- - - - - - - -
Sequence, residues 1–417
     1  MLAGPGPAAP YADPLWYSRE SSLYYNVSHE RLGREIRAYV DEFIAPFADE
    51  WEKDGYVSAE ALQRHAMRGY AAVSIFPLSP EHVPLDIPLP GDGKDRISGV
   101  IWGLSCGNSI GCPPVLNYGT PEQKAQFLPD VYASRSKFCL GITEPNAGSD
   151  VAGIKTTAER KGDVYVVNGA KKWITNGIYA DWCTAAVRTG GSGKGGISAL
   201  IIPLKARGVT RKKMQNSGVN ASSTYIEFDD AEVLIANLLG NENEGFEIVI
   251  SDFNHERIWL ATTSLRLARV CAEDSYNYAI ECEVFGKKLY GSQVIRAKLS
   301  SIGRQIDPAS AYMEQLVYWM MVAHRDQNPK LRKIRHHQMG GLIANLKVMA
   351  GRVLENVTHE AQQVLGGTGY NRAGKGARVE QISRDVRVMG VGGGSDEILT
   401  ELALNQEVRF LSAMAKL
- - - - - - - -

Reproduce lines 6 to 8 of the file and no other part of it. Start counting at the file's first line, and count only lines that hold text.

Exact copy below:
   201  IIPLKARGVT RKKMQNSGVN ASSTYIEFDD AEVLIANLLG NENEGFEIVI
   251  SDFNHERIWL ATTSLRLARV CAEDSYNYAI ECEVFGKKLY GSQVIRAKLS
   301  SIGRQIDPAS AYMEQLVYWM MVAHRDQNPK LRKIRHHQMG GLIANLKVMA